Health checks are an important part of containerized application deployments in Red Hat OpenShift. In OpenShift 4.5, Red Hat added startup probes as a third option besides readiness and liveness probes. Also, it brought the configuration of these checks back to the web interface, making it easier for developers. In this article, I’ll describe the three types of health checks, the three different methods for implementing them, and give some recommendations for making the most health check capabilities.
Types of Health Checks
As mentioned above, there are three types of health checks in OpenShift 4.5: readiness check, liveness check, and startup check. The readiness check checks whether a container is ready to handle service requests. If this check fails, traffic will not be routed to the container. The check will continue to monitor the container’s health, and if the container returns to a state where it can service requests, traffic will resume.
Liveness checks determine whether a container is still running. Containers can hang, either from a deadlock or some other condition. When a liveness check fails, it follows the pods’ restart policy, which is normally to kill and restart the container.
Startup checks are the latest addition to the health check suite. A startup check determines whether the application within a container is started. While the startup check is running, any readiness or liveness checks are disabled. If the startup check is not successful within the timeframe allotted for it, it follows the restart policy, similar to a liveness check (again, normally a kill and restart of the container).
The flow for these health checks is this: The startup check runs first, running until it is successful or times out. If it is successful, it stops probing, and readiness and/or liveness checks commence and run for the container’s life.
Types of Probes
Three different types of probes can be configured for each of the three health checks: an HTTP probe, a command probe, and a TCP probe. The HTTP probe is the most common. It basically pings a path and passes; if it receives a return code in the 200-399 range, the probe is considered successful.
A command probe runs a command inside of a container. If the command runs successfully and exits, it returns a status code of 0 and is considered successful.
The TCP probe is the final option. It attempts to establish a TCP socket connection to the container on a specified port. If it establishes a successful connection, the probe is considered successful.
The health checks are easily reachable from the developer view in the web console. Simply click on your deployment, and an option to add health checks will be presented.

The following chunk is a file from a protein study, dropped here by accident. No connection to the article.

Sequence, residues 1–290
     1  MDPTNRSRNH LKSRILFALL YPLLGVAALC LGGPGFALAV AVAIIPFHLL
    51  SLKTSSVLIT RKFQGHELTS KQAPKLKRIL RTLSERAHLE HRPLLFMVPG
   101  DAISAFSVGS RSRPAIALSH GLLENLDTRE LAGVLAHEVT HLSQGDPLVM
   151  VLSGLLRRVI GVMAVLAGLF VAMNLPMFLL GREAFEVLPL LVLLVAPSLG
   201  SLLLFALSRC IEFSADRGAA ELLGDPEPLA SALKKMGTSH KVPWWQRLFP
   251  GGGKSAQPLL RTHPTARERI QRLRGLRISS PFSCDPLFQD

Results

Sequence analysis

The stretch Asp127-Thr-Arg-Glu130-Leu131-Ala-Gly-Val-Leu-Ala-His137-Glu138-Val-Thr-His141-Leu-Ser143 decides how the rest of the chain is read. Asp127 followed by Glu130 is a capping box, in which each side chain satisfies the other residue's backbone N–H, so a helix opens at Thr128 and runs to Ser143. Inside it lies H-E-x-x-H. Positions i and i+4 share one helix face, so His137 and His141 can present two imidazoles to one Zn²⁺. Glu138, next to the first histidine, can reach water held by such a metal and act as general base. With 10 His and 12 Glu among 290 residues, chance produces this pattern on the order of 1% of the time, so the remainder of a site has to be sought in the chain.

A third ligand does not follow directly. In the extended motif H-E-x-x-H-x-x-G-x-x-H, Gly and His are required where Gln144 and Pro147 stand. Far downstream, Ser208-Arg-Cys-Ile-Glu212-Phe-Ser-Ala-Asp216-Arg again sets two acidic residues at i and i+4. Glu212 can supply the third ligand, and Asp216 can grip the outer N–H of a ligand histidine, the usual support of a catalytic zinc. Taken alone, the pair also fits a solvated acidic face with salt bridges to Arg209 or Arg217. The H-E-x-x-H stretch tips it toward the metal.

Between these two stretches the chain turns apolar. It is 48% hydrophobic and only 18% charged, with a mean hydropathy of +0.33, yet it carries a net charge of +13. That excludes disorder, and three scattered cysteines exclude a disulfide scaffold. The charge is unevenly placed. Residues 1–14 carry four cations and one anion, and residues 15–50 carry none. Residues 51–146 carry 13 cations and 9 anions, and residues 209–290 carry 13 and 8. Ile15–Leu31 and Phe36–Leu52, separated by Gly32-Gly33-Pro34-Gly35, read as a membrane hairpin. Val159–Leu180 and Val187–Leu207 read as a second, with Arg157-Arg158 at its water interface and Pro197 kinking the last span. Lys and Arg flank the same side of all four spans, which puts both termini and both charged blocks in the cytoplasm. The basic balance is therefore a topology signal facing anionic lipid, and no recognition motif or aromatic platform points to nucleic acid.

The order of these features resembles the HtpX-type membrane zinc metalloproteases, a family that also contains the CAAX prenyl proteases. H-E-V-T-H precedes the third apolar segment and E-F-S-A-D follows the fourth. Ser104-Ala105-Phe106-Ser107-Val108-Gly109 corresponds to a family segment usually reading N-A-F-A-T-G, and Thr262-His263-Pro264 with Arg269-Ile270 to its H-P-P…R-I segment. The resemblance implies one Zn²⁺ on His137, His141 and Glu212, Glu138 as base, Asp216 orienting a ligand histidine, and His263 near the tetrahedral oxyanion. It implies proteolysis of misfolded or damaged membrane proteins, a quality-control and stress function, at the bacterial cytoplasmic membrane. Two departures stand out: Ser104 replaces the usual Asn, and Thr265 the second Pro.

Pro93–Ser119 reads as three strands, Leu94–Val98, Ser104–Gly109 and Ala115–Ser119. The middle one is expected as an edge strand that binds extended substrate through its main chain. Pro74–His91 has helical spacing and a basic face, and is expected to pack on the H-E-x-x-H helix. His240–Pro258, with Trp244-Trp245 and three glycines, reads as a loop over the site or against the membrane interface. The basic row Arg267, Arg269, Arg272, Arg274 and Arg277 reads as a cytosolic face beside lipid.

All three probes are available from this view.
All three checks look the same, so I’ll just show an example from the readiness check:
(Note: Although the checks can be configured here and it is a good way to test, you’ll want to make these configurations in your code repository for consistency.)
As you can see, there are some configurable fields. Here’s a quick summary of each field:
- Failure threshold – The number of times that the probe is allowed to fail; the default is 3
- Success threshold – The number of times that the probe must report success after a failure to reset the container status to successful; the value must be 1 for a liveness probe
- Initial delay – The time, in seconds, after the container starts before the probe can be scheduled.
- Period – The delay, in seconds, between performing probes
- Timeout – The number of seconds of inactivity after which the probe times out and the container is assumed to have failed
You’ll need to do some testing with these various fields to ensure you’re getting the desired behavior from your health checks.
Tips and Recommendations
- Use health checks with all of your containerized applications. You’re missing out on some of the key values of containerization if you don’t use health checks. Health checks can help manage the routing of traffic away from troubled containers and restart containers that are stuck without requiring human intervention.
- Think about the behavior you want from your health check. People have a tendency to get caught up in the terms readiness and liveness, but it helps to think about the remediation your container needs. If your service running on a container is unresponsive, can it recover itself if given some time without traffic? If so, a readiness check is probably the right path. If the fix needs to be a restart of a container, then a liveness check is a better option.
- Try to not use the health checks for more than their intended purpose. While it is technically possible to use them to check the full application stack, the purpose is to check the health of the containers in your pod. Trying to check back-end resources or other infrastructure component connectivity is likely to create some unintended consequences.
- Rigorously test your health checks before you go live. While the health checks may seem pretty straightforward, the various configurable fields in the checks can greatly change the check’s behavior. I recommend doing a walkthrough of some scenarios with your pods and determining the optimal timings around failures and probes’ frequency to create the best user experience for your service.
Want to get started? Perficient can help you institute health checks in your Red Hat OpenShift 4.5 environment.